Local Food Hero Awards Announced

Congratulations to the Northwest Tennessee Local Food Network’s Local Food Hero awardees – Bell Family Farms, out of Gleason, TN and Blackberry Pond Farm, out of Martin, TN! They were announced during the Northwest Tennessee Local Food Network’s Farm to Table Dinner mid October 2023.

“The Local Food Hero awards bring attention to individuals and family farms who deserve to be recognized, and whose work is integral to the sustainance of our local food system,” stated Samantha Goyret, Director of the NWTN Local Food Network.

The Local Food Hero awards Farmers who demonstrate leadership in our communities by:

  • Adhering to responsible environmental and/or social practices
  • Producing high-quality products and/or services
  • Positively impacting the local economy
  • Committing to building and maintaining a robust local food system

“We are honored to be awarded as a local food hero along with our friends Bell Family Farms tonight,” stated Sue Miller, co-owner of Blackberry Pond Farm. “Thank you NWTN Local Food Network for hosting this event and creating a more equitable food economy locally!”

Ashley and Darrell Bell from Bell Family Farms was awarded this year’s Local Food Hero Award! Their farm, located in Gleason, TN, is feeding school children all over our region with their locally grown foods.

Blackberry Pond Farm, Martin, TN, supplies the community & schools with hydroponic greens and vegetables.

Bell Family Farms, Gleason, TN, has supplies the community and schools with their locally grown fruits and vegetables.

Together we are cultivating a thriving and equitable local food system for all in our region! Join us by shopping local, supporting farmers, joining our network, and learning more about our local farmers at nwtnlfn.org/food-resources.

Dirt Free Farming: A steadily growing industry for steadily growing food

James Miller from Blackberry Pond Farm out of Martin, TN started dabbling in the art of dirt free farming using a variety of aquaponic and hydroponic growing mediums in several greenhouses on their farm in Northwest Tennessee since 2016. They grow a variety of leafy greens, including micro greens, kale, beet greens, sorrel, swiss chard, arugula, bok choy, and spinach, as well as a variety of herbs and fruits such as strawberries and tomatoes.

Mr. and Mrs Miller have a very integrated set up,” stated Luke Winters, LFN Research and Evaluation Intern, “I was very impressed by the innovations that Mr. Miller has created to aid his operations.

Why Hydroponics?
Hydroponic farming offers a number of benefits to farmers and local consumers:
• Superior taste, quality, appearance, uniformity and extended shelf life of vegetables
• Less water and less fertilizer are needed compared to outdoor farming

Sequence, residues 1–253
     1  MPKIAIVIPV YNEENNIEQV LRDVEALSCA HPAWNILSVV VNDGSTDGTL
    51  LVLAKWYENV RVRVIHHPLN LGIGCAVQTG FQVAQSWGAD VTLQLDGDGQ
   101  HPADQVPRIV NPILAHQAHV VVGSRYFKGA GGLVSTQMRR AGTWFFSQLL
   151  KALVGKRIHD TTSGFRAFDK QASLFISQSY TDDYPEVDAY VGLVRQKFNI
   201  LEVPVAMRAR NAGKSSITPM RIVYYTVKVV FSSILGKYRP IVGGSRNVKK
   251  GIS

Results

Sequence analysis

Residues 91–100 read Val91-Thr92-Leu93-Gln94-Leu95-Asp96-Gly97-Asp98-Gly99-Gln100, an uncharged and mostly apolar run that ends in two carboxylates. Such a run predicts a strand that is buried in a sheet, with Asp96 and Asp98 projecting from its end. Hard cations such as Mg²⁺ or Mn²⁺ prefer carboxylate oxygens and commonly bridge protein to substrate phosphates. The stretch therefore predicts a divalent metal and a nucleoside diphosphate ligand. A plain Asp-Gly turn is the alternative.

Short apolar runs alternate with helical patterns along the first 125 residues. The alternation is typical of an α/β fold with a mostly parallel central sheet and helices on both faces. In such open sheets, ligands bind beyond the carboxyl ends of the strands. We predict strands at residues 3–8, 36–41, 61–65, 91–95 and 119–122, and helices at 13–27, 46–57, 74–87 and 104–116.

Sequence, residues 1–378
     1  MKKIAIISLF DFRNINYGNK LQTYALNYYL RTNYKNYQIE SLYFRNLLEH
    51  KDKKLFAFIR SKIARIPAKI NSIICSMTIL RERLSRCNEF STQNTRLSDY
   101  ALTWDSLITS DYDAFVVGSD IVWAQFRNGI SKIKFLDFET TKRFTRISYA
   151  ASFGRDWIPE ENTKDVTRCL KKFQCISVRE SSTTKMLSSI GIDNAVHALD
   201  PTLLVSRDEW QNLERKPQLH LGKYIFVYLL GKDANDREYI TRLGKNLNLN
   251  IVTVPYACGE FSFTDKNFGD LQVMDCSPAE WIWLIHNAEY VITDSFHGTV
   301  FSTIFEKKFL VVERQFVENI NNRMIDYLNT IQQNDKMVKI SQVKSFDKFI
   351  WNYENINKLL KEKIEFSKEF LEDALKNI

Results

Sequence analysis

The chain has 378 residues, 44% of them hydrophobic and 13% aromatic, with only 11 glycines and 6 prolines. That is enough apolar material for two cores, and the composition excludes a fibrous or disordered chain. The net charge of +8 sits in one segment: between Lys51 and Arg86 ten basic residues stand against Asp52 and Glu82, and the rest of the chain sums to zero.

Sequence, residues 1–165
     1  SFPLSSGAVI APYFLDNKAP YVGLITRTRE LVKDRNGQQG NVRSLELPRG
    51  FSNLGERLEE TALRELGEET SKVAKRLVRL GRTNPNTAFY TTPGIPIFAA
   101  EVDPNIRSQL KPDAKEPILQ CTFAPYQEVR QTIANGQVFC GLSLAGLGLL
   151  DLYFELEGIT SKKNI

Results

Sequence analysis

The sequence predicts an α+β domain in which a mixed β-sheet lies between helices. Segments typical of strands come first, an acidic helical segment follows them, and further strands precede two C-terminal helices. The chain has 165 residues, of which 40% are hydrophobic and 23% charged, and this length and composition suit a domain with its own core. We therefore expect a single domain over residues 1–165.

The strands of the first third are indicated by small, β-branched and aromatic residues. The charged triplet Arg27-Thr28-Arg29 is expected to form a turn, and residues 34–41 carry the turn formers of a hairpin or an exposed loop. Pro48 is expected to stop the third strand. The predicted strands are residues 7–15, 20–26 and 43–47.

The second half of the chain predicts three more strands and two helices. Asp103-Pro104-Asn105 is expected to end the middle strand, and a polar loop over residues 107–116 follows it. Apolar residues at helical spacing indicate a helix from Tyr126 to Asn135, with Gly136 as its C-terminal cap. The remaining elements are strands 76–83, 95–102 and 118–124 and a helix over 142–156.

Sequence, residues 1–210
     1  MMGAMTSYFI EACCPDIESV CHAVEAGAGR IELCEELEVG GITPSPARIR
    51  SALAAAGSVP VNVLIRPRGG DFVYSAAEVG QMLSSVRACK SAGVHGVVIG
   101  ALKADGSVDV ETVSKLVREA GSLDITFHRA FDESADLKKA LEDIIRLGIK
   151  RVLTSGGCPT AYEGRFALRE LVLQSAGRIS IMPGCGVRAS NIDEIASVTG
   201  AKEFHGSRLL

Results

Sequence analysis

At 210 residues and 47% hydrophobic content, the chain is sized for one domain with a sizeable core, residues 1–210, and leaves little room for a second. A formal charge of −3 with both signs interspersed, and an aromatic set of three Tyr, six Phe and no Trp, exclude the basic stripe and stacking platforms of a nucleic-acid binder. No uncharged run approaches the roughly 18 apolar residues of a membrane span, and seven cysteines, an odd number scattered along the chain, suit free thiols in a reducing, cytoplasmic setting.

• Pests are easier to manage with biological controls, such as beneficial insects, reducing the need for pesticides
• Plant nutrition is easily controlled within the nutrient tanks to provide a high level of nutrition
• No weeds, no cultivation, no soil-borne diseases
• Higher yields in a shorter period of time
• Controlled environment allows harvest of fresh, local vegetables year-round

Miller hydroponic growing system cultivating spinach, lettuce, kale, sorrel, swiss chard, cilantro and lemon balm.

Hydroponics, simply defined, is the growing of plants without soil in a water and fertilizer solution containing the necessary nutrients for plant growth. It is not a new science. Work in this area was being done by researchers as early as the 1600’s. In the early 1930’s, W.F. Gericke, of the University of California, did laboratory experiments in plant nutrition for the commercial scale. The word “hydroponics” was derived from two Greek words, “hydra“, meaning water and “ponos“, meaning labor, or literally, water working.

Why Aquaponics?
Aquaponic farming also offers a number of benefits to farmers and local consumers:
• Environmentally responsible with low water usage and low power usage.
• The primary inputs to the system are Fish food and water.
• Little to no Chemical usage. Aquaponics requires no synthetic fertilizers and few pesticides.
• Many of the plants that thrive in Aquaponic growing are very easy to grow.
• Low susceptibility to pests and diseases
• Timely crop turn around

Miller aquaponic growing systems cultivating cabbage, lettuce, parsley, strawberries and lavender.

Aquaponics is a farming method that combines the benefits of aquaculture and hydroponics. A nitrifying bacteria convert the wastes that fish produce into nitrogen which then serves as an organic nutrient source for the plants through their roots. The water passes through a hydroponic plant growing medium for filtration then recirculated back into the fish tank for reuse. With a natural ecosystem that recycles water continuously, an aquaponics system uses 90% less water versus traditional farming. Additionally, the system is self-sustaining which requires low maintenance and zero pesticides, fertilizers or herbicides.

Aquaponics systems are sustainable and environment-friendly, as there are no toxic wastes and run-offs from chemicals. Ultimately, aquaponics systems can help food growers maximize food yield. This is possible by harvesting both fish for a protein source and fresh plant produce.
• Increased crop production per square foot versus traditional farming
• Multiple crops and fish can be grown from the same system
• Fish can be harvested as an additional food or revenue source

We are continually trying out new ways to improve our systems,” says James Miller, owner of Blackberry Pond Farm,” so we can provide the community with consistent production in order to sell to restaurants and institutions.” The Miller family sells their products at the Martin Farmers Market during the market season and directly from their farm. You can contact the Millers via their Facebook page, by phone(731) 587-5336 or email millerdad66 at gmail.com.